Differential survival & reproduction due to changing environmental conditions
Combinations of alleles that provide “fitness” increase in the population
Adaptive evolutionary change
An Application of H-W principle: Sickle cell anemia
Due to a mutation in a gene coding for
(oxygen-carrying blood protein)

recessive allele =
- makes a defective protein
dominant allele =
- makes a normal protein

A recessive disease: individuals must be
to have sickle cell anemia
low oxygen levels causes RBC to sickle
breakdown of RBC
clogging small blood vessels
damage to organs
often lethal in childhood

Sickle cell frequency:
High frequency of heterozygotes ("
sickle cell trait
") in African population
1 in 5 in Central Africans =
Unusual for allele with severe detrimental effects in homozygotes
1 in 100 = Hs/Hs
usually die before reproductive age

In tropical Africa, malaria is common.
Heterozygous (
): confers resistance to malaria.
Homozygous dominant (
): die/reduced reproduction from malaria.
Homozygous recessive (
): die/reduced reproduction from sickle cell anemia.
Heterozygote carriers survive & reproduce: Hs allele becomes common in population

Heterozygote Advantage
H-W formulas:
Gene Pool:
p + q = 1
p + 2pq + q = 1

frequency of homozygous dominant: p x p =
frequency of homozygous recessive: q x q =
frequency of heterozygotes: (p x q) + (q x p) =

frequencies of all individuals must add to 1 (100%), so:
p + 2pq + q = 1
Big Questions
Make Sure You Can
Solving HW Problems
1. Write both equations.
2. Identify any given information.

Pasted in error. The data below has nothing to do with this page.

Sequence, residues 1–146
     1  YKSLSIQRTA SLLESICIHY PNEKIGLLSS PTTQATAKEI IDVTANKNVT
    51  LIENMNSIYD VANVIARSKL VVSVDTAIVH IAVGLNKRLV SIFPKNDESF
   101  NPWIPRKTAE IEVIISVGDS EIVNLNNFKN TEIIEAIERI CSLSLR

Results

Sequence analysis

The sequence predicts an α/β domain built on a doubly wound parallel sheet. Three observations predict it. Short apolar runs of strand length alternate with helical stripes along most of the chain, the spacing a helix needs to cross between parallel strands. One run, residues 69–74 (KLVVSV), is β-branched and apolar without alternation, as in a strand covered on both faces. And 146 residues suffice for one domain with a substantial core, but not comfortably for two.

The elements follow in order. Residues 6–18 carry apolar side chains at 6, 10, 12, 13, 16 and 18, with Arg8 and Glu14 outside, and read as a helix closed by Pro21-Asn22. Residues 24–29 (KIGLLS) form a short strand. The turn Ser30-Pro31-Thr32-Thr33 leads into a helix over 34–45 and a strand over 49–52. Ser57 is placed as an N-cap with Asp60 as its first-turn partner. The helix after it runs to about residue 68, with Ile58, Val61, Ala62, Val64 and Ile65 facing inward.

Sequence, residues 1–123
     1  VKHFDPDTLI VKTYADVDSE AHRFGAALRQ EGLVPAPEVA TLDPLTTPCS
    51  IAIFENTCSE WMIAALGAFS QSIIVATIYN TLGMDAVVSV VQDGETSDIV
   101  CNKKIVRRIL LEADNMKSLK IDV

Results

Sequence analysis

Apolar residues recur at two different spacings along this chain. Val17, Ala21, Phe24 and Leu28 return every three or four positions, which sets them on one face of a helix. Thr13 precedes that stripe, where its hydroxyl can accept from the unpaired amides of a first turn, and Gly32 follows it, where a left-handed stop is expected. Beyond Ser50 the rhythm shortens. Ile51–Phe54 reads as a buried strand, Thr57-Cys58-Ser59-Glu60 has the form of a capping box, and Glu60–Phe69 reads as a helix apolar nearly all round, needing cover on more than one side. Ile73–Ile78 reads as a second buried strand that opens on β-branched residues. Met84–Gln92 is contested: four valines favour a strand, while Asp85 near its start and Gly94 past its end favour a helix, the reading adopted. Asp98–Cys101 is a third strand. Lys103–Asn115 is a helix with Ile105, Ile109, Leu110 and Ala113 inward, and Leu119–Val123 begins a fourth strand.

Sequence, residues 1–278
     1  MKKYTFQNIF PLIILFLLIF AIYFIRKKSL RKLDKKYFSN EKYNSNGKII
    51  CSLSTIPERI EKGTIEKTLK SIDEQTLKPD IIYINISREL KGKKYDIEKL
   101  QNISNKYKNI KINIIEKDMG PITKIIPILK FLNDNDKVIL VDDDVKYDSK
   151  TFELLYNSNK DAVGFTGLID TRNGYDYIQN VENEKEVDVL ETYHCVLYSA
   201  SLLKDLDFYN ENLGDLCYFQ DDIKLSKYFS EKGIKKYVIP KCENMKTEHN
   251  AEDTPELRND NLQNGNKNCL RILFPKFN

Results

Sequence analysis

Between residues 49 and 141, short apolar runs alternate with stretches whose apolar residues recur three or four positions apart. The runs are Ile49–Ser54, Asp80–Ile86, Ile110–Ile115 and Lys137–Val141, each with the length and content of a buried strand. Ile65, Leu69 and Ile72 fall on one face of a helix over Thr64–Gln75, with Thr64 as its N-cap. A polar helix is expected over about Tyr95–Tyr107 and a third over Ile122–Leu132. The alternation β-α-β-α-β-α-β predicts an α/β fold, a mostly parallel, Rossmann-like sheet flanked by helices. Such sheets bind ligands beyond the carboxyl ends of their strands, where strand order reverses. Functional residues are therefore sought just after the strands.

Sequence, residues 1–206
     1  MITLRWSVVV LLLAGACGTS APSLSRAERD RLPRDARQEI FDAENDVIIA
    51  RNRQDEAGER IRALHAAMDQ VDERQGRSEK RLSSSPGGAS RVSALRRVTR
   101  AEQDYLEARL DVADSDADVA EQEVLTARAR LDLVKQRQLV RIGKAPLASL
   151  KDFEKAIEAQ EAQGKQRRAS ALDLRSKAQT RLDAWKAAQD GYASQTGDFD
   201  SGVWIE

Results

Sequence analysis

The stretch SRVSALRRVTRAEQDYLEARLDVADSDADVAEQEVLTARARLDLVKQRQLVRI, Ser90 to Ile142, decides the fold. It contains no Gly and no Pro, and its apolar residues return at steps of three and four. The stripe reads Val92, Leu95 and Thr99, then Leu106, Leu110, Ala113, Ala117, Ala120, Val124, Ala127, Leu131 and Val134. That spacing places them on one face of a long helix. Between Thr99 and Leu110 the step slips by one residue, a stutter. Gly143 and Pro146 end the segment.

3. Don't screw up squaring frequencies!
Remember that the square root of a decimal is a LARGER number than that decimal.
ex: What is the square root of 81? What is the square root of 0.81?
4. First: figure out q!
5. Work your way around the problem until all terms are solved for.
6. Practice makes perfect!

A. If 64% of the individuals in a population exhibit the recessive appearance, what % of the gene pool is dominant (assume HW equilibrium)?

B. A population contains individuals, 16% of whom show the recessive trait What % of the population is pure dominant? What % of the gene pool is recessive? What percent of the population is hybrid (assume HW equilibrium)?

C. How can you identify if a population is in HW equilibrium? Refer to the HW equations in your answer.
Any Questions?
aka "Enter Math"
How is variation generated and maintained in a population?

How do we know evolution is happening in populations?

What aspects of a population contribute to evolution?

How can evolution be qualitatively and quanititatively measured?

How does measuring evolution help us understand how populations are evolving?
Explain how variation is produced and maintained in a population.

Define all new terms used in this presentation in your own words and give descriptive examples.